Sunday, October 7, 2012

Disney Canon: Melody Time (1948)

'Melody Time' is the first-to-last of Disney's 'package' films and has an enormous resemblance to 'Make Mine Music', which we already covered. It is also composed out of seven short segments animated to popular music of the time. Much that could be said about the production of the film has already been said in our previous entries and there's not much to add to that. 'Melody Time' might well be the most obscure of all the entries in the Disney canon. Some of the segments in the other package films have gotten pretty well-known, but none of the pieces that make 'Melody Time' seem to have stood the test of time. 

Like we did with 'Make Mine Music', I thought the best way of covering this one was to do it by segment. Here we go: 

Once Upon a Wintertime
The first segment is sung by Frances Longford and I am familiar with these images, albeit from a Disney VHS in which they were the images to a 'Jingle Bells' sing-a-long. However, I didn't know they belonged in this movie, much less that they weren't scored to 'Jingle Bells'. The segment focuses on a lovestruck couple and some cute rabbits skating on a lake. However, when the ice starts breaking things get pretty dangerous. I didn't see the danger sequence coming and was glad that it played silently to the score, without narration. As you might remember, constant narration was one of the things that bugged me about the previous 'package' films.

Bumble Boogie
Freddy Martin and his orchestra play a jazzy interpretation of Rimsky-Koraskov's 'Flight of the Bumblebee'. It features a little Bumblebee amidst a chaotic musical nightmare. It is quite surreal and entertaining, although a little too short, but it's still one of my favorite segments of the film. Also, Wikipedia tells me it was one of the pieces considered for 'Fantasia'. Take that as you will. 

The Legend of Johnny Appleseed
Dennis Day tells the story of American pioneer John Chapman, who roamed the Midwest planting apple trees. It is one of the most well-known segments of the film, because it was re-released separately in 1955, but that's still not saying much. A celebration of the American pioneers seems like something that doesn't really resonate with me, but it is nice to see the man being celebrated be a guy who plants trees instead of a native-killing warrior. 

Little Toot
Now, the Andrew Sisters are back from 'Make Mine Music' for this segment. Little Toot is a little boat who wants to be like his dad. Now, I'm a sucker for the Andrew Sisters, so I really enjoyed this segment, which provides a surprisingly emotional arc for the lead character.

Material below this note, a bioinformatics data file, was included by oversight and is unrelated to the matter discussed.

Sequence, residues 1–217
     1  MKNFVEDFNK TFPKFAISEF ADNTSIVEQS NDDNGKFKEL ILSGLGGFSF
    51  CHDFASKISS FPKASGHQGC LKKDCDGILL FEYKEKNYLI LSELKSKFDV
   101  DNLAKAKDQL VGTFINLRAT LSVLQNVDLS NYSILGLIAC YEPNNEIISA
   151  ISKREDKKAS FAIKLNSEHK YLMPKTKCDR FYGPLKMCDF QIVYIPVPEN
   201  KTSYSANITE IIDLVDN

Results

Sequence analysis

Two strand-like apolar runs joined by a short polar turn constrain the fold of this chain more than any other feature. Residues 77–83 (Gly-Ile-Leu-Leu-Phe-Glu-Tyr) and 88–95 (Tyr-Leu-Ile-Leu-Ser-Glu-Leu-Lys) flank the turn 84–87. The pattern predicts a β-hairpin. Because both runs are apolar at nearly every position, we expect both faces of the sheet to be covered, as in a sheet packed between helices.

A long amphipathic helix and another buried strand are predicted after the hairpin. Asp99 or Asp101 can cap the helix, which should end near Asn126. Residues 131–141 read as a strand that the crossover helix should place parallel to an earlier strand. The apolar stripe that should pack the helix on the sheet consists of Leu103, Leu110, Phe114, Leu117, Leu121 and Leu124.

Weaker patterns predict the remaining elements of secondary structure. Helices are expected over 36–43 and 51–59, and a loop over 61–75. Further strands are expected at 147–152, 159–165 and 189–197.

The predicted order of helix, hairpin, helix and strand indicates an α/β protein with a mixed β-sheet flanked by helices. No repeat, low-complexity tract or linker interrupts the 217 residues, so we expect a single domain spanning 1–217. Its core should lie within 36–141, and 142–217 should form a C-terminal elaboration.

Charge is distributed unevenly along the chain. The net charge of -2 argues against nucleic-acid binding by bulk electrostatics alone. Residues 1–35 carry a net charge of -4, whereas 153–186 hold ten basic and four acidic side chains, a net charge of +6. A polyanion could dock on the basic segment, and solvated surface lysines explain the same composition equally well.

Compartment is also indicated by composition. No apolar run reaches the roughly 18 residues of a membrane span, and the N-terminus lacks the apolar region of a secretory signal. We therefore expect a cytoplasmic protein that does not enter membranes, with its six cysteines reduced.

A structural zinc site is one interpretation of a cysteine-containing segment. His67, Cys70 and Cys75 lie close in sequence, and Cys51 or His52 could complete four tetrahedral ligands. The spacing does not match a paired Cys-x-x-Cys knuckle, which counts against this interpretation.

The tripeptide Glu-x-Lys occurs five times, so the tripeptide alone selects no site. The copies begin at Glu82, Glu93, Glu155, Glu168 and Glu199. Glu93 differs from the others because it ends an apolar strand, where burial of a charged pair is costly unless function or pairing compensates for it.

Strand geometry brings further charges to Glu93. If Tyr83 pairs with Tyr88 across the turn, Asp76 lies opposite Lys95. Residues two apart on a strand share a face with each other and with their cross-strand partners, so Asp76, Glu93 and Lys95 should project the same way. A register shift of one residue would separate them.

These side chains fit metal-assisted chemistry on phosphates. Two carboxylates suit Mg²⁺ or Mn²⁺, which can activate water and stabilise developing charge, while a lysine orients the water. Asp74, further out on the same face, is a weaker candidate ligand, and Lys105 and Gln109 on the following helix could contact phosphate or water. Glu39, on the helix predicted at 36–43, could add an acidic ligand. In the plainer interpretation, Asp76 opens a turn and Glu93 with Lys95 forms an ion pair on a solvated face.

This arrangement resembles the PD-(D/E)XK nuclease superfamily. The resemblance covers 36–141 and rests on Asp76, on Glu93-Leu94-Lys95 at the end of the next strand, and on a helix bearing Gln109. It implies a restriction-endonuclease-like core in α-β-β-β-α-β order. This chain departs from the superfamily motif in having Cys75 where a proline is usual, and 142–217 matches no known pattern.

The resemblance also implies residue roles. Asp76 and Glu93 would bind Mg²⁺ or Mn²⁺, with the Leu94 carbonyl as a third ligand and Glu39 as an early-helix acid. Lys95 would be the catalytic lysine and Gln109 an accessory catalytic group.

Trees
Fred Waring and the Pennsylvanians make a musical arrangement of Joyce Kilmer's poem and animators set it to some beautiful images of the seasons passing. I appreciate it as an ode to trees, which are a pretty nice thing and something that this movie seems to appreciate a lot and I think it's a smart move of their part to make the segment rather short so that the young ones don't get bored by it.

Blame it on the Samba
Here we have a 'Three Caballeros' reunion, in which Donald Duck and Jose Carioca are joined by the Aracuan Bird, who lifts their spirits by introducing them to the Samba. Now, the Aracuan bird is a funny character and the segment is very amusing, but I thought it was Jose Carioca who was the big samba enthusiast. Also, wasn't the Aracuan bird supposed to be Colombian? Anyway, I'd still rather blame it on the samba than the boogie.

Pacos Bill
Now, the last segment (featuring Roy Rogers and the Sons of the Pioneers) is most probably the most famous of all the segments in the film, but not exactly for the right reason. The story of the famous Texas cowboy may be the longest of the segments, but it isn't particularly better than the other segments. Neither is it significantly worse. It just achieved notoriety because of a scene featuring Pecos smoking a cigarette  which was later edited out of the film in subsequent home video releases. Still the story of the best cowboy that ever lived (who incidentally was supposedly raised by coyotes!) is very amusing, although not quite as kick-ass as it sounds.

Overall, 'Melody Time' is the most consistant of the 'package' films in that all its segments are in the same area of "goodness". Now, it certainly doesn't achieve the heights of 'Mickey and the Beanstalk' or 'Peter and the Wolf', but there is something to be said about uniformity and how it enhances the viewing of the film when compared to the others.

Next Time: It's the last of the 'package' films: 'The Adventures of Ichabod and Mr. Toad'. On the meantime, why not practice your samba moves?


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